How to get your Apache Kafka Client code right?

Recently I have got an opportunity to work on a Kafka client implementation for an interesting use case. Till then my assumption was writing a Kafka client was as easy as we see in many examples on the net :) Although it's true for many see cases, we cannot say the same simple client work for all. Depending upon the complexity of the use case that you may deal with, the client's implementation might change and complexity may increase. 

Please note that this is not an introductory article on Kafka, also expected you to have some basic understanding of Kafka's client. I found the following article very useful while learning the basics of Kafka client: .  This post will refer to various topics from this article as we move forward. 

In this post, I am sharing three common scenarios that you may need to deal with while using Kafka client in an message heavy system and possible solutions or patterns followed by the community for addressing these needs.

 How to handle errors while processing messages?

A typical message-heavy system that uses Kafka may involve various services consuming the incoming messages. Depending upon the use cases, you may have a generic Kafka client that passes the incoming message to the distributed services for further processing.  There is no guarantee that these services are always available or successful in processing messages. The question here is how to handle this scenario. There are many solutions or patterns available to handle the errors.  Please take a look at this article, it's well documented:

What is Kafka rebalancing and how to handle it in the client?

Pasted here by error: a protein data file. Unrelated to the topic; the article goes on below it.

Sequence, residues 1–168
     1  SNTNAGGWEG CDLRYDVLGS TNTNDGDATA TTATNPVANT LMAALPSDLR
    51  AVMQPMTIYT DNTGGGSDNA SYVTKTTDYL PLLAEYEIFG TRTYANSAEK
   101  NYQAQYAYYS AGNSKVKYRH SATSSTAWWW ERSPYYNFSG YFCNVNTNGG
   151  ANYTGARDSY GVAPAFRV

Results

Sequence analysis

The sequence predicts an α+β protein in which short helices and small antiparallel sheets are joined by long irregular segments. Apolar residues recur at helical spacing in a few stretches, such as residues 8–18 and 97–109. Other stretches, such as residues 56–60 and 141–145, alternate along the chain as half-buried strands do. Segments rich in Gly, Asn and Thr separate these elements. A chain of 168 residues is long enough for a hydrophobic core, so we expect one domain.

In general, Kafka rebalancing happens when a new consumer is either added into the consumer group or removed or when the partition assigned to the consumer group changes. To learn how it's handled in Kafka client, please take a look at the following section:

How to rate-limit the incoming messages?

There could be a scenario where a Kafka producer publishes the messages at a higher rate than the consumer can process. We typically refer to this scenario as back pressure on messaging queue. Now the question here is how the back pressures are handled in Kafka client? Technically the answer is simple, Kafka consumers are pull-based so they can request messages only when they are comfortable dealing with a new batch of messages.  Kafka client typically implements this using pause() and resume() APIs. Please see this section in the above article:

What next?

Thanks for staying with me till this point. As the next step, let us build a reusable Kafka client that addresses all the above points for use in a message heavy system.  Say tuned for the next post!

Here is the next post that talks about real-life Kafka client implementation:


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